Berrien Moore, director of NOAA’s National Weather Center and dean of the University of Oklahoma’s College of Atmospheric and Geographical Sciences, said the United States should expand its use of data acquired by disparate networks of ground-based sensors, including 120 stations in Oklahoma.

Nevertheless, all these additional observations would not reduce the need for satellite data, Moore said. “Weather is global; the interests of the United States — including its businesses and its citizens — are global, and hence the U.S. weather observing system must be global. The weather observing system must be a network of networks — satellites, aircraft, balloons and ground-based mesonets,” Moore said.

In addition to employing advanced technology, NOAA and NASA “must find ways to reduce the overall system costs as the current programs are likely unsustainable,” said Eric Webster, vice president and director for weather systems at ITT Exelis of Roanoke, Va., the firm responsible for building sounding instruments for the NASA-NOAA Suomi National Polar-orbiting Partnership and the Joint Polar Satellite System (JPSS) as well as imagers and sounders for NOAA’s Geostationary Operational Environmental Satellite, or GOES, program. Over the life of the program, NOAA will spend $8 billion on two satellites, sensors, ground systems and operations for GOES-R and $13 billion for JPSS.

“These costs are having a tremendous effect on NOAA’s missions today and probably assuring that no new space-based systems can be acquired,” Webster said.

To save money, NOAA should examine different procurement models, such as acquiring sensors under fixed-price contracts or modifying existing instruments to meet its requirements, Webster said.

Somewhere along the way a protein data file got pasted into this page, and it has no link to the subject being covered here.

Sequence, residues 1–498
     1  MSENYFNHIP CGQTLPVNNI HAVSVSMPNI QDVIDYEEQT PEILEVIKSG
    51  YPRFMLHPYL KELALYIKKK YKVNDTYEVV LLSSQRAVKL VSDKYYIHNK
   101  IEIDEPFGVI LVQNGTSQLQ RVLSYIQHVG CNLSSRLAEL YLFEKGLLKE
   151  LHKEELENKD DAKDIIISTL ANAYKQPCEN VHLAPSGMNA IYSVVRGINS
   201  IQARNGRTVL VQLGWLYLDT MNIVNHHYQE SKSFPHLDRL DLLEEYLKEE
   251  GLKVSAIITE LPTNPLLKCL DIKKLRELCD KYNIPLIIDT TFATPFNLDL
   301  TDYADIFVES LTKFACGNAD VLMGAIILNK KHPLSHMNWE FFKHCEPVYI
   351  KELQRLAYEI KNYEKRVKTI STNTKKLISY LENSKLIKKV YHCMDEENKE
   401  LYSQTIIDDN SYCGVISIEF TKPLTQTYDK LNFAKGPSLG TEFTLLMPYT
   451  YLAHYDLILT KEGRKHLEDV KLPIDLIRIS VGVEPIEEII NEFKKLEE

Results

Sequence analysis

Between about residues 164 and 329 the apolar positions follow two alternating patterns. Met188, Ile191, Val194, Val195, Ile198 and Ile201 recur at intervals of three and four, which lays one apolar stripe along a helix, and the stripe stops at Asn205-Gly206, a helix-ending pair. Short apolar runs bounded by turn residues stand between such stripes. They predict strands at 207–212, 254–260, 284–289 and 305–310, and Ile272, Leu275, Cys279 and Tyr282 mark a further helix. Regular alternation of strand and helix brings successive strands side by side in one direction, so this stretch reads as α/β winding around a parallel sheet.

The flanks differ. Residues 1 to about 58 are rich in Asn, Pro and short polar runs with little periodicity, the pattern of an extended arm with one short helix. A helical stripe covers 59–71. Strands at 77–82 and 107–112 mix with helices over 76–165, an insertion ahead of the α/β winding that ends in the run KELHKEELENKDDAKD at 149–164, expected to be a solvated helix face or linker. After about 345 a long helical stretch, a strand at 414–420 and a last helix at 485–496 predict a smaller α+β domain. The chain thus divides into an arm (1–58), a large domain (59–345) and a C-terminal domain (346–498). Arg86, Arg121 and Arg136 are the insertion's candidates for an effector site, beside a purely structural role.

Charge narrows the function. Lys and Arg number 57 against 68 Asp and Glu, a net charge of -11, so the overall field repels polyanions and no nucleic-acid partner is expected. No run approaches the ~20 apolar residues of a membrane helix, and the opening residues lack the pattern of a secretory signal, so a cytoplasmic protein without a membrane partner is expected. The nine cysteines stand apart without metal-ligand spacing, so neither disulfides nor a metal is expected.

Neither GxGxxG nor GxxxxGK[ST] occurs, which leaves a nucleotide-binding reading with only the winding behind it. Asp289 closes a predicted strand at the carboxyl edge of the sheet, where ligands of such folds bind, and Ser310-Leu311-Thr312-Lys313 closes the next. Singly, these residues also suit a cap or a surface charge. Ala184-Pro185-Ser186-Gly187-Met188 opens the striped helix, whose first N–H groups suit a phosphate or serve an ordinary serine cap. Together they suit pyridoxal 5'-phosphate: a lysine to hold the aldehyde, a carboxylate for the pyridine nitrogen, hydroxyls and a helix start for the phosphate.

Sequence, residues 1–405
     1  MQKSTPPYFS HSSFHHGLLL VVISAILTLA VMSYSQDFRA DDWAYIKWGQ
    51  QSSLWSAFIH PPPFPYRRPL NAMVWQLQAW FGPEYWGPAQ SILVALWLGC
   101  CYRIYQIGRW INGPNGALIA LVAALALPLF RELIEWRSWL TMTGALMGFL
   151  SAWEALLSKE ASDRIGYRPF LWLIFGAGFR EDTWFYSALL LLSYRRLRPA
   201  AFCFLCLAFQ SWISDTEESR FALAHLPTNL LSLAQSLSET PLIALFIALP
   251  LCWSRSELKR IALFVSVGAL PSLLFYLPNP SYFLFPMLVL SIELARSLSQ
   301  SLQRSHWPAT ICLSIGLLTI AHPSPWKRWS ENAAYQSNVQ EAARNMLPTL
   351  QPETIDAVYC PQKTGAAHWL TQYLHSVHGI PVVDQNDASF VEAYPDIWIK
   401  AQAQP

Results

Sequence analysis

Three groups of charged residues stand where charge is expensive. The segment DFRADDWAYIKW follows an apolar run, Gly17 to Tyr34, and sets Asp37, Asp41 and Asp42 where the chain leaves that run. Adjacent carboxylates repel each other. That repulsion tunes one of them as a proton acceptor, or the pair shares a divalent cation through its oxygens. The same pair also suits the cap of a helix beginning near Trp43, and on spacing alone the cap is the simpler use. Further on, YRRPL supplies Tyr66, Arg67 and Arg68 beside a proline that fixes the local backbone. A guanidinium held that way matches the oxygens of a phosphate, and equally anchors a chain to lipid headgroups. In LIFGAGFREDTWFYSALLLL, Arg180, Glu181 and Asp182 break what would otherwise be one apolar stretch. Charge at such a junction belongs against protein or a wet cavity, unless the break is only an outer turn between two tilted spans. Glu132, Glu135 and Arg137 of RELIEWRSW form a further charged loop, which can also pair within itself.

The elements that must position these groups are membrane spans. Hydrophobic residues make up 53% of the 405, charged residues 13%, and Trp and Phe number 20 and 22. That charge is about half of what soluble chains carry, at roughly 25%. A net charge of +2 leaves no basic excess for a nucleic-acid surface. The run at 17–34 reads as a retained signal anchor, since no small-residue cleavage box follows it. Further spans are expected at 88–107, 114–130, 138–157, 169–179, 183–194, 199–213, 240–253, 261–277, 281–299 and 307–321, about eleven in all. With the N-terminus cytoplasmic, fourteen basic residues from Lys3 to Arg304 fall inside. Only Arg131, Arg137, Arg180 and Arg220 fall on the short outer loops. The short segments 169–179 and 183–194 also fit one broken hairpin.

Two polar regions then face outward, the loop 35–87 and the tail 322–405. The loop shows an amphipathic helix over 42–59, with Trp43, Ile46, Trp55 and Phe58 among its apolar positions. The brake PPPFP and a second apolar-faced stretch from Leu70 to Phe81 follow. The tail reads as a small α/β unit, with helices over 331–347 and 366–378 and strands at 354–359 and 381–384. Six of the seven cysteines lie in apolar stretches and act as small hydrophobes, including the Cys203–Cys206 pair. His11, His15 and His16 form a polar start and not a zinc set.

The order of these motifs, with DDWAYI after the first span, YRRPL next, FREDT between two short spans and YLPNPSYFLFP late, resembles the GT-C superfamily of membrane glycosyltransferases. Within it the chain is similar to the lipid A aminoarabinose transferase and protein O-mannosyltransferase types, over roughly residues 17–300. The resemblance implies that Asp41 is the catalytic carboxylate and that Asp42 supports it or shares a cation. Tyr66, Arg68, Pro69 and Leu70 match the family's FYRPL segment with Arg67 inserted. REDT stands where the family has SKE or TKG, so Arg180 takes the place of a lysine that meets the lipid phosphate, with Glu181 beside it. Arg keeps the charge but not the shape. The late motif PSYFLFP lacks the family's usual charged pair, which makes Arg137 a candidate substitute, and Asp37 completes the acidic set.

Lawmakers also questioned Kicza about the projected gap in NOAA’s polar satellite observation between the conclusion of the Suomi mission and the start of the JPSS observation program. The Suomi satellite launched in October 2011 was designed to operate for five years. The satellite intended to replace it, JPSS-1, is scheduled to launch in early 2017. If JPSS-1 launches on time and Suomi does not operate any longer than anticipated, there will only be a short time when NOAA will not have one of the two spacecraft on-orbit.

However, the agency will need additional time to calibrate the instruments on JPSS with the instruments on Suomi. “Depending on the complexity of the instruments, it takes a different amount of time to fully calibrate them,” Kicza said. “Some instruments can be calibrated within six months, other instruments may take 12 months or longer to calibrate.”

While NOAA officials are concerned that they may experience a gap in their ability to monitor climate and weather conditions, the agency will continue to obtain data from the U.S. Defense Department and Europe’s Meteorological Satellite Organization, Eumetsat. Traditionally, the Defense Department’s polar orbiting satellites cross the equator in the early morning. Eumetsat spacecraft cross in midmorning and NOAA satellites traverse the equator in the afternoon.